The observation that infancy is not remembered was noted with interest by students of the mind, and probably by others as well, throughout the ages (Augustine 400; Rousseau 1798; Freud 1901). The experimental data confirm folk psychology: adults do not remember autobiographical episodes that had occurred prior to the age of about 3 or 4 years, and report that their inner personal narratives begin to make sense (if they ever do) only about the age of 6 or 7 years (Dudycha and Dudycha 1941; Wetzler and Sweeney 1986; Nelson 1992; Eacott and Crawley 1998). Claims for the 'rediscovery' in adulthood of the memories of early infancy should be treated with great caution, as they could reflect "false memory.
Why do individual life histories begin with a period of oblivion? Over the years, several types of explanations for infantile amnesia have been proposed. They involve different conceptual frameworks (biological, cognitive, psychosocial), and some of them refer to different "phases of memory ("acquisition, "consolidation, retention, "retrieval).
One class of explanations suggests that the problem lies already at the acquisition phase: early personal memories are not retained to begin with, because the brain systems that are required for autobiographical, "episodic memory simply do not mature before the age of 3-4 years (Nadel and Zola-Morgan 1984; Nelson 1998; "declarative memory). A related suggestion implicates both acquisition and retention and rests on cognitive rather than neurological arguments. It claims that the infant's mind cannot form the appropriate mental structures that serve as inner frameworks for organizing new information in a sensible manner. The generic term for such abstract mental structures is 'schemata' (Bartlett 1932; Piaget 1969; Cohen 1996). In the absence of mature schemata, so goes the argument, autobiographical experiences cannot be stored in an effective, retrievable form. A version of this argument considers the intense episodes of infantile memory inconsistent with the categories of the adult schemata, hence incapable of being assimilated into the adult memory (Schachtel 1947; see also Freud's suppression hypothesis below). Similar suggestions invoke the lack in infancy of linguistic competence, which is assumed to be required in encoding autobiographical episodes (Nelson 1992); immaturity of a 'me' system, postulated to be necessary for integration of episodic information into the internal personal nar-rative (Howe and Courage 1997); or, similarly, immaturity of a 'self-memory system', postulated to hold the autobiographical memory base together with the current goals of the self (Conway and Pleydell-Pearce 2000).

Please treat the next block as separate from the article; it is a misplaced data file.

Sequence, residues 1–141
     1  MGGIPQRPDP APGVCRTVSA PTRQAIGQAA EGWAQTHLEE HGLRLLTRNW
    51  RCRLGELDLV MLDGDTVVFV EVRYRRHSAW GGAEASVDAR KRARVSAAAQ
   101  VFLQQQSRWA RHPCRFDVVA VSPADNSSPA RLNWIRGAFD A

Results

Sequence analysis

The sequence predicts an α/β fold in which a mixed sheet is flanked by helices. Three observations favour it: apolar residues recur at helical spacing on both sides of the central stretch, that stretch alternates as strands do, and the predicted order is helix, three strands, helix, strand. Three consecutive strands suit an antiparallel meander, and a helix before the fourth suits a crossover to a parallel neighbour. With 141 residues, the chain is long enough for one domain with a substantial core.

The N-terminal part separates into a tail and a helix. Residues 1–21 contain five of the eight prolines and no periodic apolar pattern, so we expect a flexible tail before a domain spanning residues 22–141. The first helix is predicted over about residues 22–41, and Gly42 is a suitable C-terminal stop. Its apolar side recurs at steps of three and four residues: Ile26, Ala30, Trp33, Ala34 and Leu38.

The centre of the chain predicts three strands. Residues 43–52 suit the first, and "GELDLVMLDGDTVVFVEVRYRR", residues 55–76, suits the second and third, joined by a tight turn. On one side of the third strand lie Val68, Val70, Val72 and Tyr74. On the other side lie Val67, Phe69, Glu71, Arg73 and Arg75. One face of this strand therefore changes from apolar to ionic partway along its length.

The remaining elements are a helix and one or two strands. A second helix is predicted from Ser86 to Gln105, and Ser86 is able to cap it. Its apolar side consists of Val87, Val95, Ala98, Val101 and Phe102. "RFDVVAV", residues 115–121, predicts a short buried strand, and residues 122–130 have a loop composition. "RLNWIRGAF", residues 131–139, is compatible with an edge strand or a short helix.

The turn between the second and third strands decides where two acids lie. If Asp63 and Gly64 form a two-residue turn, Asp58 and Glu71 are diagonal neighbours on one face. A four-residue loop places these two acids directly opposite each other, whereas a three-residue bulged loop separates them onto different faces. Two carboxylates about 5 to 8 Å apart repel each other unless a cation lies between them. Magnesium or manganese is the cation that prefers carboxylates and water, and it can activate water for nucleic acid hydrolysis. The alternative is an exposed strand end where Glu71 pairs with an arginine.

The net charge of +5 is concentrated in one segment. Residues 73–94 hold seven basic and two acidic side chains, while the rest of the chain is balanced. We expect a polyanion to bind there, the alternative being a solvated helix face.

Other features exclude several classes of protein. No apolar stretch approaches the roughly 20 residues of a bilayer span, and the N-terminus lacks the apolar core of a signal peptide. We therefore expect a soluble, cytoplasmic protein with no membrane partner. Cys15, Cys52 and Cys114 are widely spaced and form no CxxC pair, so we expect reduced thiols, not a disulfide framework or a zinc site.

Deficiencies in retrieval comprise another class of explanations for infantile amnesia. Here the most famous argument is that early memories are formed but later suppressed to become non-retrievable, because of their damaging emotional load; furthermore, those early memories that are recalled are actually 'screens', which hide the real, difficult experience (Freud 1901). No experimental evidence has been reported so far to support this psychoanalytical account.1 Similarly, there is no firm experimental evidence to support the popular view that special methods, such as hypnosis, can retrieve repressed or forgotten infantile memories.
And there are also psychosocial explanations, which search for the roots of infantile amnesia within the framework of the interaction of the individual with
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HYPNOTISM is by no means a new art. True, it has been developed into a science in comparatively recent years. But the principles of thought control have been used for thousands of years in India, ancient Egypt, among the Persians, Chinese and in many other ancient lands. Miracles of healing by the spoken word and laying on of hands are recorded in many early writings.